9 as a little boy.] More absurd representations have been made of this event. Bourgoanne notices a painting in Spain where Abraham is preparing to shoot Isaac with a pistol! Phil. Rohr (Pictor Errans) mentions one in which Abraham's weapon was a sword.

i too heavy a load, &c.] Some painters have accordingly represented Christ and Simon of Cyrene as both employed in carrying the cross. Some have supposed, as Lipsius notices, that only a part (probably the transverse portion) of the cross was borne by our Lord.-- Lipsii Opera, vol. iii. p. 658.

2 puer.] In the Greeke the word [Tais) is ambiguous and, as wee say, polysemon, signifying diverselye according to the subject to which it relates : as when it relates to a lord and master it signifies a servant, and is to bee soe translated : where itt relates to a father itt signifyes a sonne. The old translation is therefore herein faulty, which takes the word in the prime grammatical sense for a child, which is not always true. In the 4th cap. of the Acts, vers. 25, itt renders Aabio toŨ maldos gov, David pueri tui, and in the 27th, naiðá oov Inovūv puerum tuum

age properly endeth in puberty, and extendeth but unto fourteen), but respectively unto Abraham, who was at that time above six score. And therefore also herein he was not unlike unto him, who was after led dumb unto the slaughter, and commanded by others, who had legions at command; that is, in meekness and humble submission. For had he resisted, it had not been in the power of his aged parent to have enforced; and many at his years have performed such acts, as few besides at any. David was too strong for a lion and a bear; Pompey had deserved the name of Great; Alexander of the same cognomination was generalissimo of Greece; and Annibal, but one year after, succeeded Asdrubal in that memorable war against the Romans.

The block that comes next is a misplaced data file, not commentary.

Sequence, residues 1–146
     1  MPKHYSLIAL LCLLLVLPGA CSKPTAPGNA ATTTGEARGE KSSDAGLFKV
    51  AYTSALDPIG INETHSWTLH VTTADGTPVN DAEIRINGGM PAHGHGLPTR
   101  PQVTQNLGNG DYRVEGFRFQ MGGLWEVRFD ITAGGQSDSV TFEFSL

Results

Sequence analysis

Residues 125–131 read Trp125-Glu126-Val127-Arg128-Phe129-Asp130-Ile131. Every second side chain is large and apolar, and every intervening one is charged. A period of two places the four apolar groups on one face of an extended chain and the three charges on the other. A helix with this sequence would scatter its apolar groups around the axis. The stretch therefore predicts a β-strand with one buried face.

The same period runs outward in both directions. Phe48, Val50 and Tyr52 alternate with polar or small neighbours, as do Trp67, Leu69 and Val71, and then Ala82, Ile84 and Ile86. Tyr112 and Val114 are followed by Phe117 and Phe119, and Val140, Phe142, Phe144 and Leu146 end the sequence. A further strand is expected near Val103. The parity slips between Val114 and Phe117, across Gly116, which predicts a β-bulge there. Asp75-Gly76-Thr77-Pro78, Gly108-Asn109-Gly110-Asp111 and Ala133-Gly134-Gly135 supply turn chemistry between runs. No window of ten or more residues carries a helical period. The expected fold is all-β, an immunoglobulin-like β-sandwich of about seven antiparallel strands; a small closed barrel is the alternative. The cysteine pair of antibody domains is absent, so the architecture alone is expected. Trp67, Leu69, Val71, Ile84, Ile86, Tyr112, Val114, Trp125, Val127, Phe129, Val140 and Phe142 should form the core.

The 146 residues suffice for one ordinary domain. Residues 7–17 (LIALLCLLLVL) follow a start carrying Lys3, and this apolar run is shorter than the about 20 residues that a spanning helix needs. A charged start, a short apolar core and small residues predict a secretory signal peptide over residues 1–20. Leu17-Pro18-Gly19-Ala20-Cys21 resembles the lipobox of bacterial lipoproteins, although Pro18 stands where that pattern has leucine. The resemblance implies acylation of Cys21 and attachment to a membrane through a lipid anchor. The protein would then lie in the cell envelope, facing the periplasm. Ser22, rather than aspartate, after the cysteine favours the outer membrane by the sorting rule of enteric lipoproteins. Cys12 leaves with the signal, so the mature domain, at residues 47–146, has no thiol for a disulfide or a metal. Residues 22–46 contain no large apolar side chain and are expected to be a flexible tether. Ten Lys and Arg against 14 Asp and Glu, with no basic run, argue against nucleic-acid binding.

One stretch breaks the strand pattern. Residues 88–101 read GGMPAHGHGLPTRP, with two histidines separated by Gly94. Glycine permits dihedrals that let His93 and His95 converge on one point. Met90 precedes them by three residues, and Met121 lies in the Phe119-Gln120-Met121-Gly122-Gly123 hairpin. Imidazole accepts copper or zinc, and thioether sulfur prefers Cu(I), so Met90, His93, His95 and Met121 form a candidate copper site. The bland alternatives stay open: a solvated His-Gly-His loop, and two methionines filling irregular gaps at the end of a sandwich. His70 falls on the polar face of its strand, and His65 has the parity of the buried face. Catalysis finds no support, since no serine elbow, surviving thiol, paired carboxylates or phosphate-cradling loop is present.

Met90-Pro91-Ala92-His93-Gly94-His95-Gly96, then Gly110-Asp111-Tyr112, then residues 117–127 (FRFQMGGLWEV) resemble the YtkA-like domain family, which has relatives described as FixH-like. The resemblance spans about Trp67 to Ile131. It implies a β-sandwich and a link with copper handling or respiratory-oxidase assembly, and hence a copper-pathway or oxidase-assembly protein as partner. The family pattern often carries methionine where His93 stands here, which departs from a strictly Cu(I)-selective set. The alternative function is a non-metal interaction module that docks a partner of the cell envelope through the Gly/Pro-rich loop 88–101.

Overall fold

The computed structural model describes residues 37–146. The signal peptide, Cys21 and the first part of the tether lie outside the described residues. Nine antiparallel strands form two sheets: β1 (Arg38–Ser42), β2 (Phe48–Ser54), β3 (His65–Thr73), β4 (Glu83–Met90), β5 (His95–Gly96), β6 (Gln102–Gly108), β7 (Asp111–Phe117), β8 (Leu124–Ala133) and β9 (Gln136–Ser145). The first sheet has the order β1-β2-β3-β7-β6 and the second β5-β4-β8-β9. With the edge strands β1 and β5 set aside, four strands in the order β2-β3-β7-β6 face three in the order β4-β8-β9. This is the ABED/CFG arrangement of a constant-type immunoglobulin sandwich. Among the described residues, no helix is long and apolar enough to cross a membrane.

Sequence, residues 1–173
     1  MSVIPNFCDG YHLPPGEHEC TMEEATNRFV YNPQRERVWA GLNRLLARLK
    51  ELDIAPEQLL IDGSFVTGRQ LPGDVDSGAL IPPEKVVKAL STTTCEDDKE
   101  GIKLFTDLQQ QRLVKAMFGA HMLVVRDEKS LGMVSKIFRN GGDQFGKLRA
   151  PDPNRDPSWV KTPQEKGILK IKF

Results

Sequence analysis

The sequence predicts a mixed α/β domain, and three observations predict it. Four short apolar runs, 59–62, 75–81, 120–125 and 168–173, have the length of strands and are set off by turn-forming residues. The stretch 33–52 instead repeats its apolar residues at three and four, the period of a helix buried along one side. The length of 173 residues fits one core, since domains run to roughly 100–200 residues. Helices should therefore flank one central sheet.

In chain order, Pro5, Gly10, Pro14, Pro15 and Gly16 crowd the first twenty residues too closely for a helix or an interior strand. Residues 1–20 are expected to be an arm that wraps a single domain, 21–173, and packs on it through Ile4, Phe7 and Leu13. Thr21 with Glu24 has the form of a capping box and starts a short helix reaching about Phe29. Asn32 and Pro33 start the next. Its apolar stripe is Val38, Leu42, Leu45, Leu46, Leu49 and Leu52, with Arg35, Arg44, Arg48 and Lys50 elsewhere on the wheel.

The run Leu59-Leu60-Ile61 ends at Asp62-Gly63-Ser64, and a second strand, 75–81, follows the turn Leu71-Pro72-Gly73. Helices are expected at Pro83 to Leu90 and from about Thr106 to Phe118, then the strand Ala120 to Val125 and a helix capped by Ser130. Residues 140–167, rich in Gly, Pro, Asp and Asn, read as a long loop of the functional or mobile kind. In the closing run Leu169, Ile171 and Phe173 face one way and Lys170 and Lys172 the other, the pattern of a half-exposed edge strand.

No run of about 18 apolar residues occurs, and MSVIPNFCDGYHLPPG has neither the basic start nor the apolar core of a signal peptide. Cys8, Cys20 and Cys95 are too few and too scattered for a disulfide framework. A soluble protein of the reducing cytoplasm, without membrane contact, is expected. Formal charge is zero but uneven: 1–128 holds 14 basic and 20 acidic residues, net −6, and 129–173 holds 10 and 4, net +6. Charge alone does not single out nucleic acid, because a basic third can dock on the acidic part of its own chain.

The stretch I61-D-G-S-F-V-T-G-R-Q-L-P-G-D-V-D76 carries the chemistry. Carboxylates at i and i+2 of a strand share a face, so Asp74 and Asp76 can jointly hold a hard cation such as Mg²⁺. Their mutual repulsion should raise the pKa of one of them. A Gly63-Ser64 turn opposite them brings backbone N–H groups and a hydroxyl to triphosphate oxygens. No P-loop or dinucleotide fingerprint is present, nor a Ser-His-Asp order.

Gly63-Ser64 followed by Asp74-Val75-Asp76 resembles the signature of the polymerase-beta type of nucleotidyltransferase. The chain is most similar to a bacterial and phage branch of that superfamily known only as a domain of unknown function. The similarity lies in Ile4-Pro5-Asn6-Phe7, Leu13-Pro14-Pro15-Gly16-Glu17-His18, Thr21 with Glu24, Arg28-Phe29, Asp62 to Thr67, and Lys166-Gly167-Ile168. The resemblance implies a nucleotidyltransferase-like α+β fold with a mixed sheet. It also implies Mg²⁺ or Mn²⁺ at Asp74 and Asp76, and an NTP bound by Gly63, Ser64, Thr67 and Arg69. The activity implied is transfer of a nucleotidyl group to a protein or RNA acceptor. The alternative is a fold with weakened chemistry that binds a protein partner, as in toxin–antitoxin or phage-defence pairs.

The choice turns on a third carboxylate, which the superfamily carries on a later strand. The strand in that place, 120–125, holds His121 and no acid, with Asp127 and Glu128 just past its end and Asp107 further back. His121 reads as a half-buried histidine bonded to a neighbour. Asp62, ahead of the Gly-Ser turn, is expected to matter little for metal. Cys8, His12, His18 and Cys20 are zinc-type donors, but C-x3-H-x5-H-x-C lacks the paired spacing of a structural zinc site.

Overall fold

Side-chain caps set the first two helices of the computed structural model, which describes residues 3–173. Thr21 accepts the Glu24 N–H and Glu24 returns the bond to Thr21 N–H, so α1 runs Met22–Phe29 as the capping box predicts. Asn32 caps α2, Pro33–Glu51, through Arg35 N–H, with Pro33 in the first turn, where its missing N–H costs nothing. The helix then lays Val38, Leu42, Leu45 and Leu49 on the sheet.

CHAPTER IX.

Of the Picture of Moses with Horns. · In many pieces, and some of ancient bibles, Moses is described with horns. The same description we find in a silver medal; that is, upon one side Moses horned, and on the reverse the commandment against sculptile images. Which is conceived to be a coinage of some Jews, in derision of Christians, who first began that portrait.4

The ground of this absurdity was surely a mistake of the Hebrew text, in the history of Moses when he descended from the mount, upon the affinity of kæren and karan, that is, an horn, and to shine, which is one quality of horn. The vulgar translation conforming unto the former; Ignorabat quòd cornuta esset facies ejus.* Qui videbant faciem Mosis esse cornutam. But the Chaldee paraphrase, translated by Paulus Fagius, hath otherwise expressed it: Moses nesciebat

* Exod. xxxiv. 29, 30. Iesum, in both places absurdly: which Beza observed and corrected ; rendering the first by the word servant, and the later by the word sonne rightlye and learnedlye.- Wr.

3 In many pieces, &c.] And in Michael Angelo's Statue of Moses in St. Peter's at Rome.

* The same description, &c.] This sentence was first added in 2nd edition.